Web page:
•    The death of the recipient. If the recipient dies then the asset will pass under the terms of his/her Will or if they have no Will under the Rules of Intestacy. This could mean that a daughter-in-law or son-in-law could benefit and the grandchildren.  This of course could be addressed by ensuring that they had a suitable clause in their Will but there is no way of compelling them to do so.

Mitigating these risks – declaration of trust

It is possible to mitigate some of these risks by giving away a share in your property rather than the whole.

Your property would normally be transferred into the joint names of you and your chosen family members and a separate document called a declaration of trust is prepared.  This divides the beneficial interests in your property and assigns to each person an interest in your property by way.

This option can be used as a method of formally recognising the contribution which a family member or other person has made to the property and to your lifestyle or personal choices.  This work can be for example helping you with your shopping, finances, paperwork, paying your bills and generally enabling you to remain living independent for as long as possible.

It is important that this is tailored to your family circumstances to mitigate any challenge.

Gifts to Trusts

Instead of transferring your assets outright you can consider making a gift to a family trust (either discretionary or life interest trust)

What is a trust?

A trust is a relationship which is recognised and enforceable in court. Its details are contained in a trust deed which is rather like a rule book.

A trust has its own bank account, assets and tax reference. When a trust is established it is usually registered with the HM Revenue & Customs. It pays income tax, inheritance tax and capital gains tax.

A trust is governed by trustees. They look after the property deciding what will happen to it on behalf of named beneficiaries. There must be a minimum of two trustees and a maximum of four trustees.  It is not advisable for the settlor (the person making the gift into the trust) to be a trustee.

Responsibilities of Trustees

The trustees must always act in the best interest of the beneficiaries. They have very wide powers to act in this way and can take advice in this respect. They have wide powers to invest money, insure property, lease and mortgage it.

The trustees are required to keep trust records and hold trustee meetings on an annual basis. They must also make sure that they carry out the terms of the trust and not go beyond their powers. A trustee must never profit from their role as a trustee and must act impartially and fairly between the beneficiaries entitled to benefit from the Trust now and in the future.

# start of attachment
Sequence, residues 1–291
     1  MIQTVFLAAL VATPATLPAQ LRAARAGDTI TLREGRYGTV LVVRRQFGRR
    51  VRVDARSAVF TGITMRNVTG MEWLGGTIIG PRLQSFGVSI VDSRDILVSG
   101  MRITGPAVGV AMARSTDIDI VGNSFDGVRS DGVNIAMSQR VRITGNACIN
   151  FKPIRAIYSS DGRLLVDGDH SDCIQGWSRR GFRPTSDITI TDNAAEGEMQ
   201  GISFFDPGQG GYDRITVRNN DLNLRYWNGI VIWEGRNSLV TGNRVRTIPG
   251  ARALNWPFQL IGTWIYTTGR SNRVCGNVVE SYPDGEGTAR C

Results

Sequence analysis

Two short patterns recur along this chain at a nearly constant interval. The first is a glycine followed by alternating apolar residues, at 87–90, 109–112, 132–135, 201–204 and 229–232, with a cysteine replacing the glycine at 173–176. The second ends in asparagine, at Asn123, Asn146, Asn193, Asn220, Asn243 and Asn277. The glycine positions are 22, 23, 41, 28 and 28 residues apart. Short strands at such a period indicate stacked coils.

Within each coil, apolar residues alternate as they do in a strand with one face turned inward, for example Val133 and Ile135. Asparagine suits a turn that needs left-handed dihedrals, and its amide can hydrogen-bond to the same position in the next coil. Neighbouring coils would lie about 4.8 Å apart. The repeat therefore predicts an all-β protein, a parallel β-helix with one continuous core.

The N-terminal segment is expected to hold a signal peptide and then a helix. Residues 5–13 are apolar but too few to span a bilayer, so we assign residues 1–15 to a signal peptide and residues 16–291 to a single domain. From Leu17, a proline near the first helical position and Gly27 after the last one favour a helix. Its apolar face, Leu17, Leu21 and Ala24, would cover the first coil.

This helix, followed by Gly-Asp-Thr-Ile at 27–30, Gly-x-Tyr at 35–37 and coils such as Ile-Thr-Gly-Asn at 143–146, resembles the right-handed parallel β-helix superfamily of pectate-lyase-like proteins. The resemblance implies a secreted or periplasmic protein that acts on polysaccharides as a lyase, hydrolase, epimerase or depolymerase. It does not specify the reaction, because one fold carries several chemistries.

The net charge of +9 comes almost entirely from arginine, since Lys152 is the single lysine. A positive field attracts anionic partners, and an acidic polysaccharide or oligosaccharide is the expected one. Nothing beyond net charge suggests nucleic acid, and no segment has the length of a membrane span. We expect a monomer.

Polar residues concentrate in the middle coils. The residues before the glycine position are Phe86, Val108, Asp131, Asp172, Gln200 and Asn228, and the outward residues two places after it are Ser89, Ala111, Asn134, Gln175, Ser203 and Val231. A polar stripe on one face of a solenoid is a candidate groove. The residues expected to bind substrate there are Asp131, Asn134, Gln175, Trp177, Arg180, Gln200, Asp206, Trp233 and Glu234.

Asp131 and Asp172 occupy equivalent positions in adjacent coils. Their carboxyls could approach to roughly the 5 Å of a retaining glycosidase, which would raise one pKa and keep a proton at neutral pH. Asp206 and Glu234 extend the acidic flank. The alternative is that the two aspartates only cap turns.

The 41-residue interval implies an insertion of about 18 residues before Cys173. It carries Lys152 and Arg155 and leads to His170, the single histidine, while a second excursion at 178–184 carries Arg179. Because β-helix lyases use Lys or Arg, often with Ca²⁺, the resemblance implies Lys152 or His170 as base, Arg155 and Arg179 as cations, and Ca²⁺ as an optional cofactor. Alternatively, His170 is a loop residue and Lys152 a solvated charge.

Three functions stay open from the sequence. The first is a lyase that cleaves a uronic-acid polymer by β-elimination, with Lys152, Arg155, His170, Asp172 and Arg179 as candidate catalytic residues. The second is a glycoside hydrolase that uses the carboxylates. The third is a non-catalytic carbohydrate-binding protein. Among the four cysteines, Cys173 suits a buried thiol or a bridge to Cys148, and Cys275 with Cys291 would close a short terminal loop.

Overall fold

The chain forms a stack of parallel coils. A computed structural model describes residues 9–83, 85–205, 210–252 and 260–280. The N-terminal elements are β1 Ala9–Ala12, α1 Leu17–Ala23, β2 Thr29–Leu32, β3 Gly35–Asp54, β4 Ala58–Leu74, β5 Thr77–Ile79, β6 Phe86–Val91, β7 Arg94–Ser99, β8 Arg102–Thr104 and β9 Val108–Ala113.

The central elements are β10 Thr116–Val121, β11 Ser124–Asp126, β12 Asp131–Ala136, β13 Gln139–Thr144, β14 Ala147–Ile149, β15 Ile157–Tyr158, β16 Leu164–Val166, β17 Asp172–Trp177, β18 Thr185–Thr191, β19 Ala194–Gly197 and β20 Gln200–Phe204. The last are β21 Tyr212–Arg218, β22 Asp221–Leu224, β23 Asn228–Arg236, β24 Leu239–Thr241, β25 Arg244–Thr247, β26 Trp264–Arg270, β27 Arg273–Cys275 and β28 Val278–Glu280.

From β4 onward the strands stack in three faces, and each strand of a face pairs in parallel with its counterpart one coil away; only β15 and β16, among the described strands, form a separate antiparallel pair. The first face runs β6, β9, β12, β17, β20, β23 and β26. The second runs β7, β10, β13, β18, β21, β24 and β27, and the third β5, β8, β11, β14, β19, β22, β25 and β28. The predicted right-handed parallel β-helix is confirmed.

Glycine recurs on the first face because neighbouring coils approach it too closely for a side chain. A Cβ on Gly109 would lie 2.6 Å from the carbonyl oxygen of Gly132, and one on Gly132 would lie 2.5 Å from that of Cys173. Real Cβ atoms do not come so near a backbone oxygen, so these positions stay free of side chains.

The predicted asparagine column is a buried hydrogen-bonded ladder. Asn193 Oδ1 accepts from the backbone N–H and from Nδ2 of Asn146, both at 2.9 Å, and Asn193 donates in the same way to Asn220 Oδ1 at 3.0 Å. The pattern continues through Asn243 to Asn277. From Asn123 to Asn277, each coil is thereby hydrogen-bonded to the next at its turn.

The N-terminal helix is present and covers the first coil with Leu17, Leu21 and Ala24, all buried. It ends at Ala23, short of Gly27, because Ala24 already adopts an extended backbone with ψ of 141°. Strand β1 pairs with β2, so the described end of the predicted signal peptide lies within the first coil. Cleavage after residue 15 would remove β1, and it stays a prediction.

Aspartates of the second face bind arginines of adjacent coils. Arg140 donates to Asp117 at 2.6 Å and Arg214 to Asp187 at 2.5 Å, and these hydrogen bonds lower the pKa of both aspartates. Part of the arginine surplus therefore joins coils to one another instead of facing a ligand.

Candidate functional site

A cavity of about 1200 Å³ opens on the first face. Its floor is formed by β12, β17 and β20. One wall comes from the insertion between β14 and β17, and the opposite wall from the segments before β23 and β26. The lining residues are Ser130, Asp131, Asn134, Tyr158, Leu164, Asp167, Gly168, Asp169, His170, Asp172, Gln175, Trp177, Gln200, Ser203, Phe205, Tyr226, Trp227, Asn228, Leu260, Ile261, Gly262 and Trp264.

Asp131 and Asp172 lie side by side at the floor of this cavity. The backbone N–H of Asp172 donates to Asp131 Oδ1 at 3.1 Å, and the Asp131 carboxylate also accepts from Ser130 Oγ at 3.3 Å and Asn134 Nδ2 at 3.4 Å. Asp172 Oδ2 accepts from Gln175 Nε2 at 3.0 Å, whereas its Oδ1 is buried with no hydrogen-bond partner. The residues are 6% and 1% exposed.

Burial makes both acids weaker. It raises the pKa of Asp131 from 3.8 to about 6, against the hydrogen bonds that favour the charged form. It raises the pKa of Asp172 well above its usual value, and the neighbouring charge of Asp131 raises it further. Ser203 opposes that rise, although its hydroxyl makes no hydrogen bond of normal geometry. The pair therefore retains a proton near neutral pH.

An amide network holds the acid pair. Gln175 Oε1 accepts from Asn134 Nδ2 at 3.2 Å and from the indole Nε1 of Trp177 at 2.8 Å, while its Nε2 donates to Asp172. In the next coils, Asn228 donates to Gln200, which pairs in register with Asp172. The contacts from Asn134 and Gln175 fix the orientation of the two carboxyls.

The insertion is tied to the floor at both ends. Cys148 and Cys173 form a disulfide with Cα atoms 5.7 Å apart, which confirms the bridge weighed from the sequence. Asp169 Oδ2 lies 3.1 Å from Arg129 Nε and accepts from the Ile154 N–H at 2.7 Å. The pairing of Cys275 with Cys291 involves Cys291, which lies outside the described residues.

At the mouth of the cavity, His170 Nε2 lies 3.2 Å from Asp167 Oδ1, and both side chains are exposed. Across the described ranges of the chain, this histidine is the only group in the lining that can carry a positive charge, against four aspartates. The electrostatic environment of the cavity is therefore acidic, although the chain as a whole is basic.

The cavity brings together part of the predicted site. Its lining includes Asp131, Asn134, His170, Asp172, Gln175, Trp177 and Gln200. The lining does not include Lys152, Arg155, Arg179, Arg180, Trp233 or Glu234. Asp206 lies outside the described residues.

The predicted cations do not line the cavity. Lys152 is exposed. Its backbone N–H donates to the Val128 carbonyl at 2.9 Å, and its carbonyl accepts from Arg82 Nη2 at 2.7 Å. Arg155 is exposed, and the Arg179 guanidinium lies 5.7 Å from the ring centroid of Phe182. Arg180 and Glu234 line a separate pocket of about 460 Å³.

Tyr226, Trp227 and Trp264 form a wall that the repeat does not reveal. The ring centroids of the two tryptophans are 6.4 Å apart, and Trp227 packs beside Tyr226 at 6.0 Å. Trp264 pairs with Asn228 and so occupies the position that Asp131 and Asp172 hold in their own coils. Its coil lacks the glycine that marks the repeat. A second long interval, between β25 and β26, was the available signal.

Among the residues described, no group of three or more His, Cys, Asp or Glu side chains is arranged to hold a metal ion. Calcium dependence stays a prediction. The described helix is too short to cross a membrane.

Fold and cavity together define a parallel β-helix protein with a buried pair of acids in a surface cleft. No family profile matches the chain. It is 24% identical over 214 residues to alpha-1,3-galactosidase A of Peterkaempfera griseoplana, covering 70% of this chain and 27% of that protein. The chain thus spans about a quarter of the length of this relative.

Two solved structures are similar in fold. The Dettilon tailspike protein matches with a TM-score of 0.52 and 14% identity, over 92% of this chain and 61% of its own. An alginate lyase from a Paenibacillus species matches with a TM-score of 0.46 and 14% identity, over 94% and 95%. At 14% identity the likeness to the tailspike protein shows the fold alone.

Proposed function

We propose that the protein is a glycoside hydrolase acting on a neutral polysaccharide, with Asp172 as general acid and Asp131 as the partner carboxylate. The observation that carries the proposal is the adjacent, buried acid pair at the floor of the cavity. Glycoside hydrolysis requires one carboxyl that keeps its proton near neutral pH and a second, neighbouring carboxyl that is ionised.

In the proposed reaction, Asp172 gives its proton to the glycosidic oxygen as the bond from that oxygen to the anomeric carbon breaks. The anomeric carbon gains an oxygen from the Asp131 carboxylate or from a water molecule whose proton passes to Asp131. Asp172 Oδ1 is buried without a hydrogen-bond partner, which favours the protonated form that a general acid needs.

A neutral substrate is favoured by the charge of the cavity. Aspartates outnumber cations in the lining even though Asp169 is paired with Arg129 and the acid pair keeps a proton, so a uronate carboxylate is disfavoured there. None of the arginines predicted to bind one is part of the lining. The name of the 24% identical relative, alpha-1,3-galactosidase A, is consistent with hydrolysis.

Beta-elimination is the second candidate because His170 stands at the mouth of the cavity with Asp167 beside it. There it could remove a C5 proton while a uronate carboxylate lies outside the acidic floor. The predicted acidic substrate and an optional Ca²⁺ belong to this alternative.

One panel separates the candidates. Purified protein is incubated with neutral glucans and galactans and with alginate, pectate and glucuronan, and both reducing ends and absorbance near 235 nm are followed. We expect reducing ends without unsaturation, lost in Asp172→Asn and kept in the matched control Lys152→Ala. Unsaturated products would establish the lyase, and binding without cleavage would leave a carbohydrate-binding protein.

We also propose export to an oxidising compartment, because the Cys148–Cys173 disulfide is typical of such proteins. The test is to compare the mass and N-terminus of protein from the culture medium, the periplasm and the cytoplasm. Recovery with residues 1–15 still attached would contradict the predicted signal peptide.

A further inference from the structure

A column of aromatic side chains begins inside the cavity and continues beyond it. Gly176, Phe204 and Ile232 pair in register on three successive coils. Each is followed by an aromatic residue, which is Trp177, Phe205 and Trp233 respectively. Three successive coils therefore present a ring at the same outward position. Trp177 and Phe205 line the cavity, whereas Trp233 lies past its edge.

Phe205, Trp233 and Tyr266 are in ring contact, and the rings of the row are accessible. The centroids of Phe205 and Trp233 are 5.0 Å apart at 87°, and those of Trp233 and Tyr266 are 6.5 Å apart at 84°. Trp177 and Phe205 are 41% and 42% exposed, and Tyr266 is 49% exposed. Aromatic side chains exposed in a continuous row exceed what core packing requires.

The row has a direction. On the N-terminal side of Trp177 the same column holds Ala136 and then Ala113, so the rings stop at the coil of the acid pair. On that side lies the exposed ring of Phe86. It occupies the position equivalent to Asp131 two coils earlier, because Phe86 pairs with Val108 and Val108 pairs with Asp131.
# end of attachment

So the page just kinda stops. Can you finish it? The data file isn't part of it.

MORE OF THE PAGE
The terms of the Trust

Depending on the terms of the trust you may be one of the beneficiaries and you would continue to benefit from the asset during your lifetime.  On your death, the trust will end the property will then pass to the recipient that you specify. The terms of the trust however can be tailored to your own individual circumstances and could be left on flexible trusts for future generations.

Continuing to live in your own home

If the asset is your home then during your lifetime you could live in the property or if your home is sold the proceeds can be used to purchase another property for you. Alternatively, the proceeds can be invested to generate an income for you.

You do need to be aware that having a property in a trust is not the same as having it in your own name. The trustees must be free to make decisions about the property and if you are seen as interfering the trust maybe declared a sham.

Advantages of a family trust

  •   Matters of affection and moral obligations can be fulfilled by founding a family trust.
  •   A family trust can formally recognise the contribution which a family member or other person has made to the property and to your lifestyle or personal choices.
  •  Forming the trust can be used to promote family harmony and avoid problems on death. You can make the trust flexible so that it remains within the trust after your death and can be used to provide for the family.
  •  The property in a family trust can be sold without a Grant of Probate and this avoids delays on death and avoids paying the court fee.
  • Passing on the burden of owning a property to the family can be achieved with the trust and the financial burden is met by the trustees.  If peace of mind can be gained by being free from property ownership then this will also be achieved through the trust.
  •  You can retain a place to live for as long as you wish and you could also retain an income should the property be sold or rented out.
  •   The trustees do not own the property in the trust fund outright. This is an important distinction between using a trust and using an outright gift. The property does not belong to family members until your own death and is not therefore available to the recipient’s creditors or other third party claimants.

Disadvantages of setting up a family trust

  •  Where a property has been transferred to a family trust, the trustees decide what will happen with that property although they must operate within the terms of the trust. It is not the same as owning your own property when property has been placed in a trust; there is an element of loss of control.
  •  If you wish to raise a loan on your property then you will not be able to achieve this.
  • You may lose valuable tax reliefs upon your death.
  • It is important that the trustees have cash with which to maintain your property to avoid the trust being treated as a sham.
  • Depending upon the value of your home, there may be inheritance tax to pay.

Farley Dwek Trust Service

At Farley Dwek we provide a specialist Trust Service. .If you would like to know more about how any of our Services can help you please do not hesitate to call us today on 0800 011 4136 or 0161 272 5222 or Contact Us online and we will call you back.

Request a call back

Enter your details below and we will call you back

(spam filter, please leave blank)

Sign up for our newsletter

For more information and tips.

* indicates required

Featured Blogs